When we see fashion shows we, OK maybe it's me, but I see models walking down the cat walk and I immediately think, "I will never wear that". But of course, that isn't the point, nobody actually wears that outfit, or only one or two do. The point is for it to create debate and maybe sell some of the "normal collection" which you can buy on Oxford Street or Bond Street if you live in London as I do.
It's the same with looking into the future of Digital Marketing, which we often do. The problem with looking into the future is we use today as our datum point and not look at the trends. A friend of mine was offered shared in Blackberry when it first started, enough that he could have sold at the height of the products success for a life changing amount. But he didn't buy. He admits, he looked at the Blackberry and said "what would I want my email on the move, I can get this on my email at the office".
Or before the iPhone was launched, Nokia used similar technology and showed it to a sceptical public and they rejected it. Would the glass screens break of you dropped the phone? Wouldn't the screen be smeary? How could somebody use a keypad, that wasn't a keypad. You can imagine the Nokia R&D team was a little bit surprised and bewildered when Steve Jobs presented his version of the technology and the world went wild.
So what do we know about the future of marketing?
We know that the past is failing. While people spend a shed load of money on advertising, ask any consumer and they all say they don't consume ads. We fast forward through ads on the TV, change channels if ads come on the radio. Ad blocker ability is growing at 30% year on year. So much so that Adidas have at the World Cup abandoned using advertising as their core audience use ad blockers. But where are their core audience? On social.
GDPR seems to have ended the email marketing game. I'm certainly doing my bit to remind people when I get the odd unsolicited email, of the fines that they will receive if I report them. The reality is that in the 90s we read all of our emails, we now skim our email. The only articles are see about email marketing today are about how to manipulative about open rates. In fact there is a whole industry about spamming me so I open your email. But we all know, open rates does not equal revenue. You might have a higher open rate, but I've now deleted your email as I wouldn't buy from a company that has to resort to spam to try and sell me something.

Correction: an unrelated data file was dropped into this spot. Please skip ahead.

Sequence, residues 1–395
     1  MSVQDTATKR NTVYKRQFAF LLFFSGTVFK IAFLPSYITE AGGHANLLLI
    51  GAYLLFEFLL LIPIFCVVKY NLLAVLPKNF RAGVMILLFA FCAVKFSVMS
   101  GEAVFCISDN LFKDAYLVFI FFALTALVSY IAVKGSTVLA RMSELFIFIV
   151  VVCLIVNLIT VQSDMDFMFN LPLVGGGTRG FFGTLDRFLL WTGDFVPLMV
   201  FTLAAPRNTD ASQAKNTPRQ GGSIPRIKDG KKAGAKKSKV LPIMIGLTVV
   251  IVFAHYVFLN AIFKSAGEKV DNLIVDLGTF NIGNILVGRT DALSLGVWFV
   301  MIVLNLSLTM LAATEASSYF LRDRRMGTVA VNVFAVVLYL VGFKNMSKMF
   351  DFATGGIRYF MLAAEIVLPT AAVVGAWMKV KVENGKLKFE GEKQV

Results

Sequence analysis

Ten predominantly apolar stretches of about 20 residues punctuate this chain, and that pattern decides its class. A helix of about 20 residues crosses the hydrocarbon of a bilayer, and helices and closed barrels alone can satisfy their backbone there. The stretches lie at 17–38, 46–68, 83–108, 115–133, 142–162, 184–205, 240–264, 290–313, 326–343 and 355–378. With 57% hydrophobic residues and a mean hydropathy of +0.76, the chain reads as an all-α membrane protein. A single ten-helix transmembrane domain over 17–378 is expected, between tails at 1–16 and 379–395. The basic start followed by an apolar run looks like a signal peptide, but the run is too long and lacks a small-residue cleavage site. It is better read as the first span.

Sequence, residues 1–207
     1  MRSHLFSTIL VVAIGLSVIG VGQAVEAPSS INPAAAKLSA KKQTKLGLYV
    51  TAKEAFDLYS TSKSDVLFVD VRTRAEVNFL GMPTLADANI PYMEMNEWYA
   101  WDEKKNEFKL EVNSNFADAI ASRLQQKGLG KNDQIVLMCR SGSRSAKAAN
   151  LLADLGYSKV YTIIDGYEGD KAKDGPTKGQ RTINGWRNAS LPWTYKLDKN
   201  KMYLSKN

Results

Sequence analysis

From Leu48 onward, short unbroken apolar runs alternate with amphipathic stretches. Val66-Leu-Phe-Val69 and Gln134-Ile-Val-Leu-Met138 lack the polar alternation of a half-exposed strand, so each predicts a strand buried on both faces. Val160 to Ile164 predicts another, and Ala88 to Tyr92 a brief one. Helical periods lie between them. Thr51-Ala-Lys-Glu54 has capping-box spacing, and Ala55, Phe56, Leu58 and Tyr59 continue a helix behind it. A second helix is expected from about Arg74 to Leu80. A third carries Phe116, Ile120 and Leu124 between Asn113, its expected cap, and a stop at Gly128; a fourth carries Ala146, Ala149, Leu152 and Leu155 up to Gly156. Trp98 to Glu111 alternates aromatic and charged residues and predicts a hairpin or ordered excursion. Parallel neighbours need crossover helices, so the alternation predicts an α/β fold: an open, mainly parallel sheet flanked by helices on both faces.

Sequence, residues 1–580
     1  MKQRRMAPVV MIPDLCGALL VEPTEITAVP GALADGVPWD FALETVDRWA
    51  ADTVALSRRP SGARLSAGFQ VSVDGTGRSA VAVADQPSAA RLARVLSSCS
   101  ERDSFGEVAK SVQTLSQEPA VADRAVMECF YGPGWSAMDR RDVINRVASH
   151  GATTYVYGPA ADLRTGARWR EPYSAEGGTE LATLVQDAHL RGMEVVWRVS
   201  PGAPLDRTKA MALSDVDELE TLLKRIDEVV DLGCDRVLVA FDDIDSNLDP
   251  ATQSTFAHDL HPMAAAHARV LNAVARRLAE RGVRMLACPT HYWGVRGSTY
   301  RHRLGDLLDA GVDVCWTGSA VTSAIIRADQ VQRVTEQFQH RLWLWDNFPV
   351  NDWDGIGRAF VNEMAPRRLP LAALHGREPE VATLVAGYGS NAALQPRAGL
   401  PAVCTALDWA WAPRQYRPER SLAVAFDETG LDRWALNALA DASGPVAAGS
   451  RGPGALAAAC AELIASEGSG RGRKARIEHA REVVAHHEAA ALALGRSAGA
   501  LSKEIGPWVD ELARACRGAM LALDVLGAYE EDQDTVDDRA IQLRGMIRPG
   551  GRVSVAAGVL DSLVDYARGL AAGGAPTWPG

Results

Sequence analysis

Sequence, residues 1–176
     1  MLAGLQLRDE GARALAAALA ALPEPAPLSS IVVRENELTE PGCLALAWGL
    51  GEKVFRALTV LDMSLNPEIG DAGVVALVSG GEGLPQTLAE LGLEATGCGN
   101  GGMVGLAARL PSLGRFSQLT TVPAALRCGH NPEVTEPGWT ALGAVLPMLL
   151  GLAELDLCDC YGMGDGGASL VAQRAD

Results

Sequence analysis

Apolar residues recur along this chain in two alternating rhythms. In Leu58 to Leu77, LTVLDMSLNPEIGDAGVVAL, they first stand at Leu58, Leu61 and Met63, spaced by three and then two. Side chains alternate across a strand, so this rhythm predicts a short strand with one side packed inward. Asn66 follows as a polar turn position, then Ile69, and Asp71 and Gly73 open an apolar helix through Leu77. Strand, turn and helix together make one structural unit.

We all use the internet to search to buy things, I'm told even cold callers do. We all know that we search for content, read articles, blog and we make decisions based on the insight we obtain from this. All on social.
Corporate marketing has turned into noise. We all say we are the best, number one. Websites have turned into brochures. In fact most buyers ignore websites. But buyers are on social (spot the trend building) as they are looking for content to help them define what they want to buy and the products to short list.
Then let's look at AI. We are obsessed about data. Data is the next oil we are told. Really? For one I cannot believe that with GDPR and the other data privacy legislation coming down the track that "data aggregators" will exist. Add to that, the fact that the holy grail of marketing is personalisation. Wrong. It's relevance. Again social helps us here.
In conclusion the future of digital marketing in fact all marketing is social.
Social is natural to us as humans. We have always been social, from being tribes in Africa were we had to form teams to stay alive, all the way through life we have formed groups. It's frictionless, it's free and 80% of the internet empowered world is there. So what is holding you back?
All of this got me thinking about the future of marketing. Having been in the digital marketing industry for the past 24 years, I’ve witnessed the utter chaos that has plagued the industry (and some would argue it still does). When I first started my career in 1994, all the industry pundits were advocating that television was dead and that broadcast media would soon be replaced with on-demand programming.